Ebola is one of those scourges where the mere mention of its name strikes fear: the virus, which kills about half of those it infects and gets passed on through body fluids, is notoriously hard to contain. Because of its long incubation period, healthy-looking people can spread the deadly disease for weeks before symptoms appear.
That means that the best, perhaps only, way to contain an outbreak like the one currently ravaging the Democratic Republic of Congo is by obsessively tracking infected individuals—monitoring their social circles and their movements, and limiting their exposure to other people for weeks at a time. But containment is proving so difficult in DRC that last week, Robert Redfield, director of the Centers for Disease Control and Prevention, suggested an alarming possibility. The current Ebola epidemic could be beyond control, he said, and may—for the first time since the deadly virus was first identified in 1976—become persistently entrenched in the population.
The 329 confirmed and probable cases of Ebola infection reported so far have made it the largest outbreak in the nation’s history, with no signs yet of slowing down. Militia groups clashing in DRC’s North Kivu Province, the epicenter of the outbreak, have scrambled health workers’ attempts to trace the movements of people exposed to the virus. A massive effort to vaccinate more than 25,000 of the highest-risk people has slowed transmission rates but not yet stemmed the tide. Between October 31 and November 6, 29 new cases were reported in DRC, including three health workers.
Now neighboring Uganda is bracing for the virus to cross the 545-mile boundary it shares with DRC. The border is porous and heavily trafficked, with large numbers of local farmers, merchants, traders, and refugees constantly moving through the area. A checkpoint in the region receives 5,000 people on an average day, with the busiest ones swelling to 20,000 twice a week on market days.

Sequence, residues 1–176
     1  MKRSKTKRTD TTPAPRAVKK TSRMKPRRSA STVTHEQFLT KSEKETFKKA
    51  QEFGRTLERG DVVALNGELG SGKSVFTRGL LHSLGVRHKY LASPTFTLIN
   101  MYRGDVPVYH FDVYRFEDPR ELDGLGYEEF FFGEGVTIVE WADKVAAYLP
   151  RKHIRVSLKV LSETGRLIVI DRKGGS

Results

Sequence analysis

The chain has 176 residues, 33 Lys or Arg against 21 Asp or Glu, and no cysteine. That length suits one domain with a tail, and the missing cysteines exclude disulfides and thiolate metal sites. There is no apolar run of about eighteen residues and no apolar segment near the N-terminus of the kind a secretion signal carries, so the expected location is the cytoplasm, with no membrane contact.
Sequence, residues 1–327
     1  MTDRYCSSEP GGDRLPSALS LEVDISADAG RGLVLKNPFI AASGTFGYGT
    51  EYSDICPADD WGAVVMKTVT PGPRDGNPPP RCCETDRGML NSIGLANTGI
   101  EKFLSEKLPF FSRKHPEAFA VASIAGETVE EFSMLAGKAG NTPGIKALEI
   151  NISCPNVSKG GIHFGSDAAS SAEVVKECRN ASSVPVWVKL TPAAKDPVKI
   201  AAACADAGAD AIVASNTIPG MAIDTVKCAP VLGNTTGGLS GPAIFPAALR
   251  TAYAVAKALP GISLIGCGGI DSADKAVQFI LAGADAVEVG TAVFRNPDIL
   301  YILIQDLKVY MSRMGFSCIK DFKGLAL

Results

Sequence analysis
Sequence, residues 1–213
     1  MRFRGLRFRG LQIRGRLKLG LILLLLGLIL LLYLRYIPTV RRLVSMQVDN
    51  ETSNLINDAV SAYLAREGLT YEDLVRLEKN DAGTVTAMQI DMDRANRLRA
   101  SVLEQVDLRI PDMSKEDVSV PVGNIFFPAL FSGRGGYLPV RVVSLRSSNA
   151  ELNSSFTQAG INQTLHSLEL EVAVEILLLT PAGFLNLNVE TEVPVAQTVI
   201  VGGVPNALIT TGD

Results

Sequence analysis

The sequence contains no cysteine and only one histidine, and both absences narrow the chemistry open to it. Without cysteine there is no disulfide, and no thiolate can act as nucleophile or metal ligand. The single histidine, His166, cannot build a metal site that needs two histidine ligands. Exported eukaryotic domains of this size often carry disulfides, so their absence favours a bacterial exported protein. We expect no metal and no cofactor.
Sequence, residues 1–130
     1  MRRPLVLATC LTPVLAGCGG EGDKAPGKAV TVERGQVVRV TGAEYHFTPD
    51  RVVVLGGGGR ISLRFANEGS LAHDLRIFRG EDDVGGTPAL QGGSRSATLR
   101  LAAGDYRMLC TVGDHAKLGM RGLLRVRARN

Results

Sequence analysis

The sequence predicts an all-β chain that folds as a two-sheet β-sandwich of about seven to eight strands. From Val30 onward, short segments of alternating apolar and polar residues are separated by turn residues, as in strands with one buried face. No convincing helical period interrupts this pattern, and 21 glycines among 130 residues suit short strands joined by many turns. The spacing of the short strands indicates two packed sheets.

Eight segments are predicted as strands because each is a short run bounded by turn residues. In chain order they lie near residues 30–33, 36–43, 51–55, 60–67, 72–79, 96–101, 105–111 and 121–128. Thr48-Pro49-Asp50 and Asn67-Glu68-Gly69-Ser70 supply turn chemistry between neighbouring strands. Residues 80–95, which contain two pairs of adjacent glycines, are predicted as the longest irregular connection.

On Wednesday, the country began immunizing frontline health workers with an experimental vaccine that produced good results in a previous outbreak. The Ugandan Health Ministry said it has 2,100 doses of the vaccine available for doctors and nurses working in five border districts. At hospitals in these districts, four special Ebola treatment units have also been constructed, with staff on standby to manage any suspected cases. “The risk of cross-border transmission was assessed to be very high at a national level,” said Ugandan Health Minister Jane Ruth Aceng at a press conference last week. “Hence the need to protect our health workers.”
Since the start of the outbreak in the DRC, anyone crossing into Uganda has been subjected to health screenings at official checkpoints—a series of questions and no-contact infrared thermometers aimed at the side of the head that read out body temperatures like a highway patrolman’s radar gun. Fever is one of the first red flags for an Ebola infection. The process isn’t foolproof; symptoms can take up to three weeks to appear, and lots of other tropical diseases in that part of Africa can also cause soaring temperatures.